Strawflower Magic

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Today, frost came and killed off the annuals in my cutting garden once and for all. It was late this year, allowing me extra time to enjoy my cosmos, zinnias, calendula, nigella, and most of all, strawflowers. 

This is the first summer I’ve grown strawflowers and they’ve been such a delight. Always a familiar flower (I remember them from my parents’ garden), I learned so much about these flowers over the course of the summer; watching a plant emerge from seed and grow into its full glory has a special kind of magic. 

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Strawflowers were no exception as I watched their strappy leaves sprout and elongate; the first flower buds cluster at the tips of the plant. I cut and hung flowers to dry, thrilled by the way they hold their color and shape, sometimes opening slightly, sometimes flexing their petals back as they dry. (Or, are they really bracts? or sepals? Must look that up!)

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I saw that strawflowers close tight on cool, damp nights and open in the morning sun, a particularly endearing habit. It was already October by the time I had the idea to capture strawflowers opening with a time-lapse video. 

A couple of notes about this video. (1) The way the plants appear to shudder at the end is my fault – I could’t resist poking the flowers in between frames to see what would happen. (2) The flickering results from the camera settings – I forgot to turn the auto white balance off, so the camera changes sometimes between frames. No, that’s not natural light variation! What can I say? It was my first time-lapse, and I am learning by doing.

Its a testament to the magic of strawflowers opening that the the effect is still mesmerizing as they open in a series of rolling petals. (Or, bracts?) When I made this time-lapse, I felt like I’d really captured the secret life of a flower and I knew I had to try again. 

And I did try. There were plenty of failures. There were camera batteries that ran out, flowers that didn’t open,and others that opened hours later than I expected. But luckily with the mild weather, I had plenty of chances to keep trying. Finally, last weekend, I had another success and managed to fix a few of the problems in my first attempt. Just in time for the frost to come this week!

So now, I’ll be cleaning up my garden and dreaming of next summer’s flowers. I know I’ll be planting more strawflowers, but I also wonder what next summer’s discoveries will be? Someone recently suggested Cardinal vine (Ipomoea quamoclit) and I am intrigued. If you have any other suggestions, I’d love to hear them!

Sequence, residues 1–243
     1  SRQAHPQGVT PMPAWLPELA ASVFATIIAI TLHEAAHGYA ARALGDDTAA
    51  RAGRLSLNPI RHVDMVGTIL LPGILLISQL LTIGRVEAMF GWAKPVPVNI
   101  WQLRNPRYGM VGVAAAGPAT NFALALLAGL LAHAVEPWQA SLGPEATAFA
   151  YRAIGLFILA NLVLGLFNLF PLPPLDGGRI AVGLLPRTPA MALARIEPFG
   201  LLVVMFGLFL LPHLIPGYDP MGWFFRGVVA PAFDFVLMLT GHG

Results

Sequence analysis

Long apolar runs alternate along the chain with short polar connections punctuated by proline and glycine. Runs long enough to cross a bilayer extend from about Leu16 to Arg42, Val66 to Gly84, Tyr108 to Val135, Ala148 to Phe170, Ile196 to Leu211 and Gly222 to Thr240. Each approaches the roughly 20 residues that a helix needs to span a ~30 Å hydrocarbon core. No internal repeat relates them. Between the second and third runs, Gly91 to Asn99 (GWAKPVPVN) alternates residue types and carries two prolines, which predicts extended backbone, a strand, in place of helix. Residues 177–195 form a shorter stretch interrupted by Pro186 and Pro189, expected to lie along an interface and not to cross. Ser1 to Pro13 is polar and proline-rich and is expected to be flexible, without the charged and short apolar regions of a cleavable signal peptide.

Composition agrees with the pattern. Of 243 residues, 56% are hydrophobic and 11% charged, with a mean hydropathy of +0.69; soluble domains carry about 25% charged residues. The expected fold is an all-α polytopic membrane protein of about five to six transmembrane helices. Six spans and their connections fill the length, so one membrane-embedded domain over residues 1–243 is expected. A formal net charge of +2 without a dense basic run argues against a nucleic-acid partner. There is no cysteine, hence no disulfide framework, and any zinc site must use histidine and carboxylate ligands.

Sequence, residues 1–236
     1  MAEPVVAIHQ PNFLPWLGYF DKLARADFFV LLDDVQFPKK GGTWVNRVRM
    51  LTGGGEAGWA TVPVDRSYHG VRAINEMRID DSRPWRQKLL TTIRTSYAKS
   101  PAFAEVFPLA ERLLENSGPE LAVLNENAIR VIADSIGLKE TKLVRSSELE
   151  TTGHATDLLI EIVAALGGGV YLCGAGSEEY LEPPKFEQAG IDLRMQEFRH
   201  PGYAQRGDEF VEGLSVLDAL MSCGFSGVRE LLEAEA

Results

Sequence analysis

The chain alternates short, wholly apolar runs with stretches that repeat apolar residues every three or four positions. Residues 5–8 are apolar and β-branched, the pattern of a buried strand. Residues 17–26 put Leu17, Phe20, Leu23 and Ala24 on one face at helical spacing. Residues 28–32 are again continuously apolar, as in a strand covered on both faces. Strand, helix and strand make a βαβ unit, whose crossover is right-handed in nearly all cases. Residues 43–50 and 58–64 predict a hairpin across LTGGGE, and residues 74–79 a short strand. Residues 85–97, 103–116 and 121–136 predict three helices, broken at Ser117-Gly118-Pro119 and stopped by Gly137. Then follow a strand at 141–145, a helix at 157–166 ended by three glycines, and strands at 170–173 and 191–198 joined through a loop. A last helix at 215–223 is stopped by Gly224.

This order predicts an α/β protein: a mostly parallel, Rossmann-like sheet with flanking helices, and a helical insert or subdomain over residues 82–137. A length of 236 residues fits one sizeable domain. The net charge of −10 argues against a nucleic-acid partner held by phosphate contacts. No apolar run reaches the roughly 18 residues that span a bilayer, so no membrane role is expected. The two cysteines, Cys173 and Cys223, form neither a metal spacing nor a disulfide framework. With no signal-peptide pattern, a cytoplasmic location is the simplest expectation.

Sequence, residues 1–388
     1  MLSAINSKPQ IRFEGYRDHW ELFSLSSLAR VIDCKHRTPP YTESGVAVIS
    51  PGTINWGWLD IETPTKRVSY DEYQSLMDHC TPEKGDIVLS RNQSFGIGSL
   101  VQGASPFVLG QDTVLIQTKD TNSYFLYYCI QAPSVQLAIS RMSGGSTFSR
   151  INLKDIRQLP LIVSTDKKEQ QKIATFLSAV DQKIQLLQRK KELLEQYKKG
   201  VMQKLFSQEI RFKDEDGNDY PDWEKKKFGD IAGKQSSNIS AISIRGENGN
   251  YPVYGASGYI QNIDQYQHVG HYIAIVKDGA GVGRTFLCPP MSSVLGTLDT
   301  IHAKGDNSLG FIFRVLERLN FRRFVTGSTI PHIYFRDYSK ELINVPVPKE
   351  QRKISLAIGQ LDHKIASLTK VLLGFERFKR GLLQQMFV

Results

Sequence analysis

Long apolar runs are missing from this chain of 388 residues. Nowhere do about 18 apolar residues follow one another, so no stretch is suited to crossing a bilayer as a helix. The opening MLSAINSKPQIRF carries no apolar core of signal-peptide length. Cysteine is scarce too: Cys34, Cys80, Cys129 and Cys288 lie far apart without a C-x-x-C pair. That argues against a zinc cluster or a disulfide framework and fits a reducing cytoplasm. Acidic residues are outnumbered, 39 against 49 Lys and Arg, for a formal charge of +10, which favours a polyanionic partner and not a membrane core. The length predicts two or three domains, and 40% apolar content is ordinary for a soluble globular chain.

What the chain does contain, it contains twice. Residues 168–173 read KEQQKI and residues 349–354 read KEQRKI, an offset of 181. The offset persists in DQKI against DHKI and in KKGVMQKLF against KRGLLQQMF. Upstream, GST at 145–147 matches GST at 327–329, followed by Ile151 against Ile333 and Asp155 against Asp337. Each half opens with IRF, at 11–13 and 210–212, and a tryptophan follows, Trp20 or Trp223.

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July is the month for blueberries

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I haven’t been posting much about my garden this summer. In truth, its been a little disappointing. In June, rabbits chewed my zinnias down to twigs, munched my dahlias, and decapitated my yarrow. The spinach bolted before it had any leaves to harvest. I even managed to sow carrots over beets. I just didn’t have the heart to pull them out, so there they are, growing together.

And yet, I’m still making plans and planting. I’m still scheming and dreaming about what I’ll do next in my yard. Just this week, we’ve planted a blueberry patch with a few high bush and low bush blueberry plants, both native to New England.

When I worked as a biologist, I sometimes worked in a wetland* which was filled with blueberries during the month of July. On breaks, my co-workers and I would stand in our rubber boots, calf-deep in water and muck, and devour blueberries. We used to collect, bring home and freeze buckets of blueberries. We used to move noisily through the bog* lest we startle the black bear known to loiter and gobble blueberries by the pawful.

I’m not expecting any black bears to show up in my own little blueberry patch, but I am thrilled to be creating a naturalized thicket in my yard. I’m looking forward to puttering and tending these new shrubs. I hoping to enjoy some berries straight off the plant. That is, assuming the rabbits don’t get them first.

high bush blueberry
not quite ripe yet!

 

*technically it was a fen, a specific type of wetland, but I didn’t want to go all biology geek on you. Thats a side of me better left out of the blogosphere.